Biden chooses tech critic Lina Khan to lead FTC

The move could signal a more progressive agenda for the Federal Trade Commission.

Abrar Al-Heeti Technology Reporter
Abrar Al-Heeti is a technology reporter for CNET, with an interest in phones, streaming, internet trends, entertainment, pop culture and digital accessibility. She's also worked for CNET's video, culture and news teams. She graduated with bachelor's and master's degrees in journalism from the University of Illinois at Urbana-Champaign. Though Illinois is home, she now loves San Francisco -- steep inclines and all.
Expertise Abrar has spent her career at CNET analyzing tech trends while also writing news, reviews and commentaries across mobile, streaming and online culture. Credentials
  • Named a Tech Media Trailblazer by the Consumer Technology Association in 2019, a winner of SPJ NorCal's Excellence in Journalism Awards in 2022 and has three times been a finalist in the LA Press Club's National Arts & Entertainment Journalism Awards.
Abrar Al-Heeti
Lina Khan

Lina Khan was confirmed by the Senate to be commissioner of the FTC on Tuesday.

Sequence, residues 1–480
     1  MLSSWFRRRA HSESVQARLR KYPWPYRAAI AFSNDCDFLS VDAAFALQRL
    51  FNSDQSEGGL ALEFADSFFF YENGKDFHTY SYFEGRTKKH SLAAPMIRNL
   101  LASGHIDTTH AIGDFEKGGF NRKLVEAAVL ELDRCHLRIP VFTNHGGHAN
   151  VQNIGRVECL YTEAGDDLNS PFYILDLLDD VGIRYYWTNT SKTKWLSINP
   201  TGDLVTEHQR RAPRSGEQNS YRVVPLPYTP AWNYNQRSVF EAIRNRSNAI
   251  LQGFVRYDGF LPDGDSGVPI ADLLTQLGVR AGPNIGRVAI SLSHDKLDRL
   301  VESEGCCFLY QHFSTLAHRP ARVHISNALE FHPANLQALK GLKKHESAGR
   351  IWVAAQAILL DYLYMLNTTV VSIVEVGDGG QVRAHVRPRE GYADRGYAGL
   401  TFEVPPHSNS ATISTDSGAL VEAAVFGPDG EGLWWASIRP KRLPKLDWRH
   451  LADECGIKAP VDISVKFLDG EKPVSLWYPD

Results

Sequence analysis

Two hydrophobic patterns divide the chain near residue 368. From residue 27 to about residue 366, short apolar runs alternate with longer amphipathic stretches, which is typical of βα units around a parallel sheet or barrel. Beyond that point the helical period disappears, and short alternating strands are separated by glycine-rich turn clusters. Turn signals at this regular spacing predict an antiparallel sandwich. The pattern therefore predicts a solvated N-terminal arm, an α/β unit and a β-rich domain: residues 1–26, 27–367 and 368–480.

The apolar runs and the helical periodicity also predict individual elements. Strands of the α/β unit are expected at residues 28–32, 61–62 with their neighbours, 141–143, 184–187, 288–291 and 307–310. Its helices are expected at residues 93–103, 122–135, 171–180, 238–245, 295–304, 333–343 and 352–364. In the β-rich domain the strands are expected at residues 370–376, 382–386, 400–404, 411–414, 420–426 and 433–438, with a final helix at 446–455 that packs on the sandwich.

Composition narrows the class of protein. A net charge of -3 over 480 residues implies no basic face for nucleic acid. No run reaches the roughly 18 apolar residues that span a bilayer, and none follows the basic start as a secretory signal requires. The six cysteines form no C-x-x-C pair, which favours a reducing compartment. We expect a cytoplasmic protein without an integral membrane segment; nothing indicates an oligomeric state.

Getty Images

President Joe Biden selected big tech critic Lina Khan, a Democrat, to serve as chair of the Federal Trade Commission on Tuesday, the agency said. Her swearing in came soon after the Senate confirmed Khan in a 69-28 vote to be a commissioner of the FTC, according to CNBC. 

"I look forward to working with my colleagues to protect the public from corporate abuse," Khan said in a statement.

Khan, 32, previously worked as an associate professor of law at Columbia Law School, and served as counsel to the US House Judiciary Committee's Subcommittee on Antitrust, Commercial and Administrative Law, helping in the investigation of digital markets related to Google, Apple and other big tech companies.  

Tuesday's move could indicate Biden hopes the FTC takes on a more progressive agenda, CNBC notes. The president said in March he would nominate Khan to be an FTC commissioner

Khan will take over for FTC Acting Chairwoman Rebecca Kelly Slaughter, a Democrat. The FTC is comprised of five commissioners, of which no more than three can be from the same party. In her role, Khan will vote on enforcement issues involving competition and consumer protection. 

Khan tweeted, "I'm so grateful to the Senate for my confirmation. Congress created the FTC to safeguard fair competition and protect consumers, workers, and honest businesses from unfair & deceptive practices. I look forward to upholding this mission with vigor and serving the American public."